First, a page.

The report, Global Food Losses and Food Waste, revealed that one third of all food is never eaten wasting the resources used in its production, processing and distribution. Also, greenhouse gas emissions associated with the waste are produced in vain.
But one of the report’s authors, Ulf Sonesson, from the Swedish Institute for Food Production and Biotechnology said smart packages can cut food waste in western economies. Speaking at the Save Food congress, held at the Interpack trade event in Dusseldorf, Germany, Sonesson told FoodProductionDaily: “Packages that can be enclosed after opening help to prolong shelf life and to reduce waste.
“Also environmental indicators in packages, such as temperature monitors, can help reveal the environmental status (and freshness) of food contained within the package.”
Sonesson also said improved packaging design was an important way of reducing waste. “The design of yoghurt pots means that it is impossible to empty the product – up to 10 per cent stays in the pot. So packaging design can be improved to help food leave the product (package).”
Consumers in developed nations waste significantly more food than those in developing nations. The researchers estimated the per capita food waste in Europe and North America at 95 –115kg/year compared with only 6 – 11kg/year in sub-Saharan Africa and South East Asia.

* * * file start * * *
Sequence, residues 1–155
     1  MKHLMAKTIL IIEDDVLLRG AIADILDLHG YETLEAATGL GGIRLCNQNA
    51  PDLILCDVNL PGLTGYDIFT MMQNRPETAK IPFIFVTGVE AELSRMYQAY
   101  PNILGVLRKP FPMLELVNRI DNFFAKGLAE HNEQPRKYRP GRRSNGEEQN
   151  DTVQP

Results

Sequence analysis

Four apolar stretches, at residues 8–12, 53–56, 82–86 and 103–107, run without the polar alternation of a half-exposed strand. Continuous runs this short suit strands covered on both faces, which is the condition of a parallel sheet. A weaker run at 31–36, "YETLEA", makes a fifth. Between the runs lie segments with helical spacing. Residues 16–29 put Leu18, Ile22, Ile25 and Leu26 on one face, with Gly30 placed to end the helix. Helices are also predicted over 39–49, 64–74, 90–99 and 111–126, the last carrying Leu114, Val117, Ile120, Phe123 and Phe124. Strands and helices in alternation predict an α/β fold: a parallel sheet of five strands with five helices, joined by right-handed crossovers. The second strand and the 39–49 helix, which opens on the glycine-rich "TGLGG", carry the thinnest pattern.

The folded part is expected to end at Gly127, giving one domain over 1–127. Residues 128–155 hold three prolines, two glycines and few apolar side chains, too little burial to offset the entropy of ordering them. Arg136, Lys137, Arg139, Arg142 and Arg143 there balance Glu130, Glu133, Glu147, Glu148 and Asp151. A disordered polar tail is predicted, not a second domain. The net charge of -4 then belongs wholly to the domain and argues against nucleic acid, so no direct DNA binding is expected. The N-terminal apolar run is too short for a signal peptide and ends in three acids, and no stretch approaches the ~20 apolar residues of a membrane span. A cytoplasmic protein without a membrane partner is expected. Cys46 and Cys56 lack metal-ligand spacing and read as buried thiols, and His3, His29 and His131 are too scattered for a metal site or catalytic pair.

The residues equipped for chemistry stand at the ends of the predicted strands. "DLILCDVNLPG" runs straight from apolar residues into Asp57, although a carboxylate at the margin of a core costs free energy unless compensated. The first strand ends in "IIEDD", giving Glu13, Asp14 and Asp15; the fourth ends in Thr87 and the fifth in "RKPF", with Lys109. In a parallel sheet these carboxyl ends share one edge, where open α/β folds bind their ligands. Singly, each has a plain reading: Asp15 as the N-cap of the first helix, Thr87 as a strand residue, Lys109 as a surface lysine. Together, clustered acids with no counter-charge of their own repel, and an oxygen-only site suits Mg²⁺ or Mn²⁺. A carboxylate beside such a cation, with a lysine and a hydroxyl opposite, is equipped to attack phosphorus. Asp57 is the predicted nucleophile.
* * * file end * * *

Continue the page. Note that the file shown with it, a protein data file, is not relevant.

Worldwide, fruit and vegetables, particularly tubers, suffer the biggest wastage rates of between 40-55 per cent.
In medium- and high-income countries, most food is wasted at the consumption stage because it is discarded while still fit for human consumption
Significant wastage is attributed to quality standards which reject food items which are not perfect in shape or appearance.
Consumers’ confusion about the meaning of best-before dates and lack of purchase planning were also said to waste large amounts of food. The report noted the “careless attitude of those consumers who can afford to waste food,” because it is so cheap.
In low-income countries, most food is lost during the early and middle stages of the food supply chain. The main losses were attributed to financial, managerial and technical limitations in harvesting, storage and cooling facilities in difficult climatic conditions.
Poor infrastructure and a lack of developed packaging and marketing systems made the problems worse, according to the research.
“Given that many smallholder farmers in developing countries live on the margins of food security, a reduction in food losses would have an immediate and significant impact on their livelihoods,” stated the report.
Finally, the report warned of major knowledge gaps concerning food loss and waste. Further research should focus on quantifying food losses and attributing them to individual causes plus the costs of preventing food losses.
The FAO commissioned the report from the Swedish Institute for Food and Biotechnology (SIK) for the Save Food congress at Interpack.